Hero of India's fine batting show in the first one-dayer, Parthiv Patel, said he would continue to play his natural, attacking game irrespective of the conditions and situation. The tourists are struggling to put together a balanced batting line-up in the second one-dayer following a double-injury blow at Chester-le-Street.
"I don't think I need to change my game at all. I've played like that in West Indies and scored runs; I've done it in the first one-dayer here," said Patel, who scored 95 in the first game.
"It's every individual's responsibility to make sure that if he gets in, he goes on and scores big runs," he added.
The Indian batsmen have been targetted with the short stuff by England and the key to success in the opening game was the way Patel and Ajinkya Rahane handled the rising ball.
"I had the advantage of watching England's bowling in Tests, and they obviously had the plan of bowling short. Before coming here, I was in the nets for seven or eight days working on the short ball because I knew I would be opening the batting.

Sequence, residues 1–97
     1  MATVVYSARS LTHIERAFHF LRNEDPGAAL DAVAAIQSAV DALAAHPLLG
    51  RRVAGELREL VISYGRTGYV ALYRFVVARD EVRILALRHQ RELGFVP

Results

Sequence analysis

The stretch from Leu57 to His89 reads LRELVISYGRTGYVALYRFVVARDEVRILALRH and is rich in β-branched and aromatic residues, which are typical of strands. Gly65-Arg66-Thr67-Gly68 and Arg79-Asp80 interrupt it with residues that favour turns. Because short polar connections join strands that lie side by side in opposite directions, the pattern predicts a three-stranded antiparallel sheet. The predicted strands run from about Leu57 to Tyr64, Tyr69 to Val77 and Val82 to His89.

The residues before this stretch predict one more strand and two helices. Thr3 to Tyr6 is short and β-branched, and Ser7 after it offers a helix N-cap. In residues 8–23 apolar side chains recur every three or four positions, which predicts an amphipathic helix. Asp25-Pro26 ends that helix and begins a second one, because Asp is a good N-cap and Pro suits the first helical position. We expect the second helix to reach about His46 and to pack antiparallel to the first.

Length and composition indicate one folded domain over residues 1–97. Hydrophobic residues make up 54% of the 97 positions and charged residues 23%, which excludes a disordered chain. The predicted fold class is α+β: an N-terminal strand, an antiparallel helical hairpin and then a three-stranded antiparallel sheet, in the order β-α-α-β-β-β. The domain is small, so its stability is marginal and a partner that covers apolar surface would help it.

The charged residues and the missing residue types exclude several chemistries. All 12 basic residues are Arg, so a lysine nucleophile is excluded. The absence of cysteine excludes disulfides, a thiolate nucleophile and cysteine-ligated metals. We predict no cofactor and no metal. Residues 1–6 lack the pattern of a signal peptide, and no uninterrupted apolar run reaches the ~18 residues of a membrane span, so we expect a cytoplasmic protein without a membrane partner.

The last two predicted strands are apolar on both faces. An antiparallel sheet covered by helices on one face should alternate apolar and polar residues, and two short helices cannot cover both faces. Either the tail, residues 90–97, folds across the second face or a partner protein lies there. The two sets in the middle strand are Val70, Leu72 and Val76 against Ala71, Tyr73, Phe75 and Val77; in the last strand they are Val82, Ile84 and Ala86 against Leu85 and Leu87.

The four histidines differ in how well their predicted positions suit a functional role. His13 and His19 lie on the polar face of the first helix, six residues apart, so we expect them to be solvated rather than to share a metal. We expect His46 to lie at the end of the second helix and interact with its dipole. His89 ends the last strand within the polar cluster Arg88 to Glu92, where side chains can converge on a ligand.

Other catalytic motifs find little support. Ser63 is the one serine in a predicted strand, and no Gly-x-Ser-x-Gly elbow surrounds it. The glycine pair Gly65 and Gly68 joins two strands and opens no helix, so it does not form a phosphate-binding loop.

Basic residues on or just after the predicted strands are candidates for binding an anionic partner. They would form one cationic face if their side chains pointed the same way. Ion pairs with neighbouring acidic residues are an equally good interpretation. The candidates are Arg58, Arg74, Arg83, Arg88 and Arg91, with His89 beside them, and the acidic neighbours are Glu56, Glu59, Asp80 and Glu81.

"Obviously, they will come hard at me with the short balls. But I've worked on it. I'm glad I executed those plans in the first game, which is a start, but I want to continue that," the Gujarat left-hander said.
England holds a special place for Patel, as it was here that he made his debut in 2002. He lost the wicketkeeper's spot but he has fought back with his batting.
"I have this belief that I can play as a batsman in any side. That has kept me going. I had age on my side - when I was dropped, I was only 21…a lot of players do not even start playing at 21. So, I had experience and (my) self-belief kept me going."